Penn State puts scare into Miaim Hurricanes need 3 late TDs, favorable call to top Lions, 26-20

October 13, 1991|By Don Markus | Don Markus,Sun Staff Correspondent

MIAMI -- Penn State showed yesterday why all the talk of a national championship going into the season was not some ludicrous fantasy. But at the end of a long, steamy afternoon inside the Orange Bowl, Miami showed the Nittany Lions something else.

The door.

The second-ranked Hurricanes needed three long, second-half touchdowns, as well as a favorable ruling by the officials after an interception with 64 seconds left, to hold off ninth-ranked Penn State, 26-20, before a slightly relieved crowd of 75,723.

The victory, secured when Darryl Williams picked off a desperation pass by Nittany Lions quarterback Tony Sacca near the goal line, was the 41st straight at home for Miami (5-0). The defeat likely knocked Penn State (5-2) out of contention for a national title.

"It's not going to hurt us, but the national championship would be an absolute miracle," said Sacca, who survived eight sacks to have one of the best games of his career.

After an 80-yard touchdown pass from Miami quarterback Gino Torretta to Horace Copeland and a 91-yard punt return by Kevin Williams put the Hurricanes ahead 20-6, Sacca led Penn State back. A 72-yard scoring drive ended when he found Terry Smith for a 2-yard score with 24 seconds left in the third quarter.

After Miami came right back to score on a 42-yard touchdown pass from Torretta to Lamar Thomas early in the fourth quarter, Penn State converted two third-down plays and Sacca kept the drive going with a 2-yard sneak on fourth-and-one from the Hurricanes' 24. Three plays later, Sacca hit Smith again on a 9-yard touchdown pass and, with a little over five minutes left, the Nittany Lions were within six.

"We helped put them back in the game by killing ourselves with penalties," said Miami defensive end Rusty Medearis, alluding to 39 yards worth of yellow flags on Penn State's 78-yard drive, and 11 penalties for 124 yards overall. "We knew we had to stop them."

Penn State had two more chances. The first one ended when Sacca slipped as he dropped back to pass on third-and-seven from the Miami 35 with 4:45 remaining. After stopping the Hurricanes on downs, the Nittany Lions got the ball back with 2:36 to go.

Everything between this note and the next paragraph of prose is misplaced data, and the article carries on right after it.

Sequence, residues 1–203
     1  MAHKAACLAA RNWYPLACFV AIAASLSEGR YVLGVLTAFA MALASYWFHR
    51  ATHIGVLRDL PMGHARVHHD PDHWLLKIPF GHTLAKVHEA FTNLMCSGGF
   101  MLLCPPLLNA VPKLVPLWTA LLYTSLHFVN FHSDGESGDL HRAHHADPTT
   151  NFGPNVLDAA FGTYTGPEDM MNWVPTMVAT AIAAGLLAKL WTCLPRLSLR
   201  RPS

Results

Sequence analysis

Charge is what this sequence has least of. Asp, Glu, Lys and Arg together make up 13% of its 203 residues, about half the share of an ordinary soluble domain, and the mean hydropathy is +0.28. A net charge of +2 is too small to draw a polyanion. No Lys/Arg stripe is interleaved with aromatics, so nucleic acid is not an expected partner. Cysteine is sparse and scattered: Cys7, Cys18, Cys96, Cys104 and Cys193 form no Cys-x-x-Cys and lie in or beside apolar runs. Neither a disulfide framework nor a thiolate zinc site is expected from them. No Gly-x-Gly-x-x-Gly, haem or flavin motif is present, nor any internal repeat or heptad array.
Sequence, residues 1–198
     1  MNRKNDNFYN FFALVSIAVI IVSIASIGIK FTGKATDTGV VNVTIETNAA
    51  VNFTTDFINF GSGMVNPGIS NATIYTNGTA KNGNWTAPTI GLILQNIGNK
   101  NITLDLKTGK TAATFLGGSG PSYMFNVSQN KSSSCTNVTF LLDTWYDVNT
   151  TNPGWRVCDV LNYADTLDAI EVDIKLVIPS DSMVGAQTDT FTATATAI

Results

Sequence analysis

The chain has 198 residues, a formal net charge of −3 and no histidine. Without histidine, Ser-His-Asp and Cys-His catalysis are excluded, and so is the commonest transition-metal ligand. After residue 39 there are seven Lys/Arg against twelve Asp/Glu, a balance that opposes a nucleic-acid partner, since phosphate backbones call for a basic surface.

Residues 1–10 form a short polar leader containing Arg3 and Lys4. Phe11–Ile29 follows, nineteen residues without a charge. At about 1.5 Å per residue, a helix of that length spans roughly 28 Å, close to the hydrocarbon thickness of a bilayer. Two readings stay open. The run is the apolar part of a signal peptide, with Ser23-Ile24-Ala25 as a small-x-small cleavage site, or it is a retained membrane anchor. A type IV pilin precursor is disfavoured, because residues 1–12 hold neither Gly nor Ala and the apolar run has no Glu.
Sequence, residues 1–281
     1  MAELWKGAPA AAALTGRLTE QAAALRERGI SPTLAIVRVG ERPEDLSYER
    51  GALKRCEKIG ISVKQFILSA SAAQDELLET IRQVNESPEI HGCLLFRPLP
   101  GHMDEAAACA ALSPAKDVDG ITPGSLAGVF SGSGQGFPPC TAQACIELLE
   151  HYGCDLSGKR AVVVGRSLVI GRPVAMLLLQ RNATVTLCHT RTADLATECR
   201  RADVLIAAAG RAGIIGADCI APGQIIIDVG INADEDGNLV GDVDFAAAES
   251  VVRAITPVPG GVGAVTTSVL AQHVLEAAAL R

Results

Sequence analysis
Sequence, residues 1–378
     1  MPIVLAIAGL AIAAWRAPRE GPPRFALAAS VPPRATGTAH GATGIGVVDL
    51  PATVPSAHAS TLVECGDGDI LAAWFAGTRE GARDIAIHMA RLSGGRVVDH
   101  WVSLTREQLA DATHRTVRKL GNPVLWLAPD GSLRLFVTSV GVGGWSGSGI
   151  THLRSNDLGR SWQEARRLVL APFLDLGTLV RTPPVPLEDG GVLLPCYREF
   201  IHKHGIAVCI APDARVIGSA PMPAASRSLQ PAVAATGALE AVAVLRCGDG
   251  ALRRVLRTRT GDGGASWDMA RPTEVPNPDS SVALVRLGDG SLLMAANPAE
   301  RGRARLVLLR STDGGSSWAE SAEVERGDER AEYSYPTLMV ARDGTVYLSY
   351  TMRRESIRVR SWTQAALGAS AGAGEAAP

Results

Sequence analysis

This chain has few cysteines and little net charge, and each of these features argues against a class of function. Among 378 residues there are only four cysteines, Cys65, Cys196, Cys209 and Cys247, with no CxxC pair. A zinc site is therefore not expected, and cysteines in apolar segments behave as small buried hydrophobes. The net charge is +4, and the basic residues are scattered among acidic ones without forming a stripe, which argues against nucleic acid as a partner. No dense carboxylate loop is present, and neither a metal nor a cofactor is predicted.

Starting from his team's 26 following an interference call against Miami on the punt return, Sacca hit O.J. McDuffie with a pair of 15-yard passes to the Hurricanes' 44. Gerry Collins was stuffed at the line of scrimmage for no gain, and Sacca was hurried into two incompletions.

It came down to fourth-and-10 from the 44.

"That play was for the national championship," said Medearis, who had sacked Sacca twice and helped on another. "That's what we kept telling each other in the huddle. If we get beat, that would have been it. We're playing for a national championship. A lot of teams can't say that."

Penn State, meanwhile, was trying to climb back into the picture. A 21-10 loss to Southern Cal last month in Los Angeles had turned the Nittany Lions' dream into more of a pipedream. A victory yesterday was the only way for Penn State to start dreaming again.

But as things turned out, the 91- degree heat and the defensive pressure by the Hurricanes had taken their toll on Sacca. He had completed 24 of his first 37 passes for 263 yards, some of them with Miami players draped all over him. He had made big plays and, except for overthrowing Richie Anderson in the end zone back in the third quarter, he had played wonderfully.

"I thought the poor kid was so tired," said Paterno, who shockingly admitted that he thought about taking Sacca out late the game because of fatigue.

Said Sacca, "At the end, I was so damn tired, I really couldn't see anything upfield. The play we called was a pass, so I figured I'd throw the ball."

As the play developed, Sacca rolled to his right. He had 20 yards of open field in front of him and the Nittany Lions had one timeout left. Too tired to run, Sacca heaved the ball downfield. Backup wide receiver Troy Drayton was held up by Miami cornerback Paul White around the 3-yard line, and the ball floated into Darryl Williams' belly.

Williams caught the ball at the 1, and the momentum carried him back in the end zone. Then things got strange. He started out, got to the 1, then went back in the end zone. He ran a few yards laterally and stepped out of the side of the end zone. The Hurricanes were given the ball at their own 1.

"The ruling was momentum," said referee John Nealon. "The defender caught the ball on the 1-yard line and his momentum carried him in the end zone. When you catch a ball in the field of play and momentum carries you in the end zone, the ball is spotted where the catch occurred."

Even Paterno seemed unaware of the possibility that Williams ran back a second time into the end zone, which would have meant a safety and Miami free-kicking from its own 20 to Penn State. And he didn't seem particularly perturbed about his team's defeat.

Though the Nittany Lions gave up several big plays, and hurt themselves when a second-quarter touchdown was called back because of an offensive lineman downfield, Penn State had managed to gain back the respect it had lost with sloppy victories over Boston College and Temple.

5) "It was a good effort," said Paterno.

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